Lee continued, “You would have escaped into the Army, but the age regulations prevented it. However, when your condition was discovered, you took a year off secondary for medical treatment, then changed your name to hide your past. You finished secondary, then joined the Forces and fell in love with demolition. How am I doing?”
Reed would be finishing with the rebound seismogram soon, but Grant had forgotten all about him. He began to feel a new emotion: anger. “You bastard, this is why you picked me. Not for my training and experience, but because you could blackmail me.”
Lee regarded him dispassionately. “You can hardly expect us not to use what leverage we have. What we plan is unprecedented, and the margins for error are very small. But my previous offer stands. Significant compensation and as much protection as we can offer you, which,” he added, “is considerable, especially taking into account the small size of our nation.”
Grant calmed his breathing. “Even if my past did come out, it wouldn’t matter. My crew would follow me anywhere, and as for clients, well, nobody cares about a past forty years gone.” Grant raised his gaze to the top of the four storey superstructure of the drilling rig. The sun was just passing noon, and the day’s heat was building towards its peak. Sweat now pouring from his face, he waited, a hollow pit growing in his stomach.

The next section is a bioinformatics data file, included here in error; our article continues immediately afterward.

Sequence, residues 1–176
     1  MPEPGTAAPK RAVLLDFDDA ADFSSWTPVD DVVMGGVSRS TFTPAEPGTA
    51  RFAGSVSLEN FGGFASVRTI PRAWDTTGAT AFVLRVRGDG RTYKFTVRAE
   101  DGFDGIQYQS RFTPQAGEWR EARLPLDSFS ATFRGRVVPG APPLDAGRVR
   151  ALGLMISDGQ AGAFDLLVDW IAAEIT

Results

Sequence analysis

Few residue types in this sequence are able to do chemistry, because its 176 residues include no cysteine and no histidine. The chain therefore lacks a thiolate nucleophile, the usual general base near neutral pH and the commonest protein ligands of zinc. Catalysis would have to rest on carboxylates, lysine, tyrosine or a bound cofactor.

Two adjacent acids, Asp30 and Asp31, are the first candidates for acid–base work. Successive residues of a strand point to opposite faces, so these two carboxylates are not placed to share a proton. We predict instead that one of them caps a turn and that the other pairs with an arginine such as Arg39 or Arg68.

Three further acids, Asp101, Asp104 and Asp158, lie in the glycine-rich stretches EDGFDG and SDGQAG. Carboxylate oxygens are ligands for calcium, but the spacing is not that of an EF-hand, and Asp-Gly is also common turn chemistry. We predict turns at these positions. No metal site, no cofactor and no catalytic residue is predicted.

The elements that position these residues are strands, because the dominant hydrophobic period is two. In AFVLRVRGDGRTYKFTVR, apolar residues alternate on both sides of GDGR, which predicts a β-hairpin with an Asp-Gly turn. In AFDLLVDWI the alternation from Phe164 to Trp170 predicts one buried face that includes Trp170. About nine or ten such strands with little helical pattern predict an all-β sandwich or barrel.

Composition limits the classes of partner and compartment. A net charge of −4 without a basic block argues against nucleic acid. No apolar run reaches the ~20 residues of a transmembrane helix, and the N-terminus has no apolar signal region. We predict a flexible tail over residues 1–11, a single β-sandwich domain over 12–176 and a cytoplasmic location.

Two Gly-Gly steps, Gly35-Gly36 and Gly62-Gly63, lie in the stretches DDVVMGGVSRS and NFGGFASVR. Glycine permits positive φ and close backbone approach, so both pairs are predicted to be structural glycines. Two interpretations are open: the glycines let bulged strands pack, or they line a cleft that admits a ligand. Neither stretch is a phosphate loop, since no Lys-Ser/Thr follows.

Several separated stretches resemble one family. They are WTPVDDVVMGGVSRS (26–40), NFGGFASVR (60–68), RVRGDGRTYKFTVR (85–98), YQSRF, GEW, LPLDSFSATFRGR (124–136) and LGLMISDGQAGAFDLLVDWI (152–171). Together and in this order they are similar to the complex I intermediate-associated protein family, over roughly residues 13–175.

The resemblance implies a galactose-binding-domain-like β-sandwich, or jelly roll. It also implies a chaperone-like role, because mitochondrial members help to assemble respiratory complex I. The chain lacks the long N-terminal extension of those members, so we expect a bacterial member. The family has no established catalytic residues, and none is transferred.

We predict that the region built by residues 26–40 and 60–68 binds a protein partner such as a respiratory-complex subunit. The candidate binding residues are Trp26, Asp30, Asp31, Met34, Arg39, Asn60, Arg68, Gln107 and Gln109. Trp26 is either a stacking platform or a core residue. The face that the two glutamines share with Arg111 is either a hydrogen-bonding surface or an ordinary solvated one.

Lee said, “I have no doubt that your crew would follow you. The loyalty you inspire is part of your attraction to us. But as for your clients? The world of seismic mitigation is in general a man’s one. Old prejudices die hard, and no one likes to be lied to. Your past would come out as a scandal. Clients who wouldn’t object to a female bleeder might be repelled by your duplicity in covering it up. Why take such a chance?” A cruel pause developed. Lee stretched it out, then said, “And when the news reaches your family, your parents will be humiliated. The shame of it all…”
Grant looked up sharply, meeting Lee’s black eyes. Turning away in disgust, he looked over the dusty site. From the old, traditional chain link fence at the bottom where the access road was, to the brown boards of the seismoshack on the ridgetop, his thirty-two employees went methodically about their duties, oblivious to the struggle between Grant and the visitor. Setting his jaw, Grant decided.